To BEE or not to BEE

posted in: Food & Drink, News | 0

It’s thirty degrees on a hot summer’s day and Mr. Ohta is stuck outside in a heavy long sleeved jacket with an awkwardly large mesh hood over his face blowing smoke over wooden boxes. The smoke is stop swarms of bees from attacking. This is not how most of us would like to spend a hot day.


Mr. Ohta first started into beekeeping 16 years ago. WHY? The bees are practically his pets. They live in the woods in Misorano with over 15,000 per box and during peak summer over a million are buzzing around. The bees are honey bees.

The honey-making process starts in the spring: After a winter under the snow huddled up in the hives, the bees go into full-blown production mode when the weather warms up, gathering nectar from nearby flowering plants. They bring the nectar back to the hive so other bees can convert it into honey. Mr. Ohta removes the honey daily and in the safety of his kitchen pours it into jars.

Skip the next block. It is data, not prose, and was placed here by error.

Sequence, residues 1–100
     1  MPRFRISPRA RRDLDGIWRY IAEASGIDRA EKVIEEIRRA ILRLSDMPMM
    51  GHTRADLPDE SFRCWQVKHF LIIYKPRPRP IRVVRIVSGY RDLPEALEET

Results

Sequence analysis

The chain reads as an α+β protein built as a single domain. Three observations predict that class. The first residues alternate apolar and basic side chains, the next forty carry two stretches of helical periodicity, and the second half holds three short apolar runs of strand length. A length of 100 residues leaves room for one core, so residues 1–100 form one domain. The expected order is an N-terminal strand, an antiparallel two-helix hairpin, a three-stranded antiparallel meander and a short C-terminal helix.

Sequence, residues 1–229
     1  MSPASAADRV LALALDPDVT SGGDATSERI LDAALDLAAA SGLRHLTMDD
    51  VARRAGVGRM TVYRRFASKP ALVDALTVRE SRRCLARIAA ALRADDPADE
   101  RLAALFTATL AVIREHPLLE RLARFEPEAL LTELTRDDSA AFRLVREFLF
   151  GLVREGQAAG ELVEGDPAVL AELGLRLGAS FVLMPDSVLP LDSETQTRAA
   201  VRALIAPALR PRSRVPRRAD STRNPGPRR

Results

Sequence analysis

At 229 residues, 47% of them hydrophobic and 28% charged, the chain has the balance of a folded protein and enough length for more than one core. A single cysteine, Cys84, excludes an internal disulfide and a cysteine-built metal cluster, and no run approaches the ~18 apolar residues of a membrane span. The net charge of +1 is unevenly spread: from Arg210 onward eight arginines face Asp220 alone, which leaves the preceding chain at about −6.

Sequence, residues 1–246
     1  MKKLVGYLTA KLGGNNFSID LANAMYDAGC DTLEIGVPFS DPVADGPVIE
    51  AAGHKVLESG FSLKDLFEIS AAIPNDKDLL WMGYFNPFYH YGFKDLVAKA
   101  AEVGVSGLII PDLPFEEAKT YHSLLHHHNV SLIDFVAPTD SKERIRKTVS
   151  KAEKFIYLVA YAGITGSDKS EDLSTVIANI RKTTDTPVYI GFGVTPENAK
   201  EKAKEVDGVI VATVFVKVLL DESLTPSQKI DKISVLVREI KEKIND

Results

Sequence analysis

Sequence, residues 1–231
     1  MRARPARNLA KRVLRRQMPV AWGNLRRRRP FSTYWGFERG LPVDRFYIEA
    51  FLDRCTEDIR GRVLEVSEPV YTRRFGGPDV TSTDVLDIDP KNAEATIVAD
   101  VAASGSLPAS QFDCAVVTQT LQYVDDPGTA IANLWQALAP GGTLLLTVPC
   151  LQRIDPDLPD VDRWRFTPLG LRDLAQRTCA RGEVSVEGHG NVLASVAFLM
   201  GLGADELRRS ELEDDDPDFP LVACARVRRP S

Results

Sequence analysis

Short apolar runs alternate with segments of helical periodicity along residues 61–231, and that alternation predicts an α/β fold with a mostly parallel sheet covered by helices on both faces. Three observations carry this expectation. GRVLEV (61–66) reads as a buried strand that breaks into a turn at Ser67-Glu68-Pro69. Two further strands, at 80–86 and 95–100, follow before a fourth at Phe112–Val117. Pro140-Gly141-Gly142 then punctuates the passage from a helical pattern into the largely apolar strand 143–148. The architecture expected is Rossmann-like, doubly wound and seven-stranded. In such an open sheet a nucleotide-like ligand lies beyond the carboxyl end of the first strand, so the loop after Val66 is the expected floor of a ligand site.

Family and friends swear that the honey is so much sweeter that the varieties that you can buy in the local supermarkets. (A lot of honey lands on this editor’s breakfast cereal every morning and ice cream in the evening!)

The honey is on sale at Ohta Pharmacy, near to the main Hakuba Train Station, where the Mr. Ohta helps with the family business. (Mon- Sat 9:00-17:00)

Follow backcountry skiing:

Latest posts from